As the US awaits a verdict in Lee v. Tam – a trademark dispute challenging a section of the trademark act (15 U.S.C. 1052(a)) refusing trademark registration for marks that are deemed immoral or scandalous, and the U.S. Patent and Trademark Office’s implementation and application of those restrictions – it would benefit us to be reminded of another potential first amendment problem for a federal agency that Tam may resolve. The use of obscene or indecent “statements, designs, devices or representations” is prohibited for wine, spirits, and beer labels under their respective federal regulations. 27 CFR 4.39(a)(3) 27 CFR 5.42(a)(3) 27 CFR 7.29(a)(3) (respectively)
These restrictions on alcohol labeling are dutifully enforced by the TTB (anyone remember Dogfish’s Golden Shower?), amounting to similar viewpoint discrimination and a government imposed restriction on speech. With one caveat – while denial of a trademark keeps the applicant from enforcing certain rights, but doesn’t stop sales, denial of a label stops interstate commerce and in many states that require federal approval for state sales, it also prohibits intrastate commerce.
That’s right, the labeling restrictions carry a greater heft – basically, if you cannot achieve label approval, you cannot engage in interstate commerce, so the denial of approval based on a finding by the TTB that your label is “obscene or indecent” amounts to a ban on interstate sales based on speech – given that this carries a greater consequence, isn’t it more likely that a win for free speech in Tam will translate into greater freedom in labeling? Just a thought.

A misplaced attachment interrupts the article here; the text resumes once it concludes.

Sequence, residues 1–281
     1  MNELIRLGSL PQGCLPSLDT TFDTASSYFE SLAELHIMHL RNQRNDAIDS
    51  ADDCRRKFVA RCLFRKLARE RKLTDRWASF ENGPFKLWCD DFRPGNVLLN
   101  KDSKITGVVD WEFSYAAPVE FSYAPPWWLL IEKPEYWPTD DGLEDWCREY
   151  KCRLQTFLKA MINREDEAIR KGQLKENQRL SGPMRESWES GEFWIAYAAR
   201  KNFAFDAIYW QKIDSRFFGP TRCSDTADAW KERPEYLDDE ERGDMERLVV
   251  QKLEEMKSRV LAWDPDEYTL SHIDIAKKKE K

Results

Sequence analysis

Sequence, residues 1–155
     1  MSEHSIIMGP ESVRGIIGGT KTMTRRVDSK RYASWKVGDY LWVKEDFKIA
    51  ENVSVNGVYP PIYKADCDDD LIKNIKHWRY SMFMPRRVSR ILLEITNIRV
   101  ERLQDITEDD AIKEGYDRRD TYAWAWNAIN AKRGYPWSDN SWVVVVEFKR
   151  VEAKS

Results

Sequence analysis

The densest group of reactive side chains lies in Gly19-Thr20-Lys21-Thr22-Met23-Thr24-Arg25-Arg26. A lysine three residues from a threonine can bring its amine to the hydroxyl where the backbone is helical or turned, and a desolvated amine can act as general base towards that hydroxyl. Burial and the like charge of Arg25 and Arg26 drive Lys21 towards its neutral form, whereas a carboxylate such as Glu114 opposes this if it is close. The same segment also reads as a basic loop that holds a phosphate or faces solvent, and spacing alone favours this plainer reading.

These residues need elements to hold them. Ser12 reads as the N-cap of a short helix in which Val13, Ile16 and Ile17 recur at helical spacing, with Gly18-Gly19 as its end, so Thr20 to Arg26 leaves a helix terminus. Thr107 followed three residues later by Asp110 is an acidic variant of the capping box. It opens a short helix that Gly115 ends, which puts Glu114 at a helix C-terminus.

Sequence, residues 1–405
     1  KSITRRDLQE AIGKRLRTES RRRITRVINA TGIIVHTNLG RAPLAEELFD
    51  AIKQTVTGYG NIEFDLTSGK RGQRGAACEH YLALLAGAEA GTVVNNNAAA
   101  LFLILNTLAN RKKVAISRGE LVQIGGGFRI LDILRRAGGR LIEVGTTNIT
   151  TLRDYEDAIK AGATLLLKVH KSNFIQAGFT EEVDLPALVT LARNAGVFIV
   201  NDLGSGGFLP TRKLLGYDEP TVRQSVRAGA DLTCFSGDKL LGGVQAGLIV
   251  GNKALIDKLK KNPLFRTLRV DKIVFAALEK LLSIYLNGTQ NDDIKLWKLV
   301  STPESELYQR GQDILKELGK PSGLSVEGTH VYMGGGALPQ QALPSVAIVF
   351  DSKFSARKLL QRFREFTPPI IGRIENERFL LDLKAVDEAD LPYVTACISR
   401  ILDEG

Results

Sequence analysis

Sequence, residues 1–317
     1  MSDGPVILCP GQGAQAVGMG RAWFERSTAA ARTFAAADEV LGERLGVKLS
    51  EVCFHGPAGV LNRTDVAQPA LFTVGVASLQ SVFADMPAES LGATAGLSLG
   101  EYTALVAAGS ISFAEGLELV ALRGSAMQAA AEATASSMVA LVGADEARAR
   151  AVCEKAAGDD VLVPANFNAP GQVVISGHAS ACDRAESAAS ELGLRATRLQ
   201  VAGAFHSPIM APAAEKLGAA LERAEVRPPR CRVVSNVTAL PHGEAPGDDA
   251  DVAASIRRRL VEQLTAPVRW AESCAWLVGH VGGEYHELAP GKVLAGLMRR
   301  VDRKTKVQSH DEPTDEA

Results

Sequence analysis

Scotusblog has the links to the amicus briefs filed in the case. Of particular interest are the persuasive and authoritative stances taken in briefs filed by the ACLU and by the Constitutional Law Professors (Floyd Abrams wrote that one) in support of finding the restrictions unconstitutional abrogations of free speech. The briefs show these types of restrictions for what they are: naked abuses of authority set on restricting speech through content-based determinations. And these arguments apply just as equally (if not more so) to claims that the authority and exercise of regulations by the TTB holding the content of alcohol labels “obscene or indecent” violate the first amendment. Should the decision in Tam be favorable, it will only be a short time before some enterprising attorney institutes a challenge to the federal labeling restrictions and their state counterparts.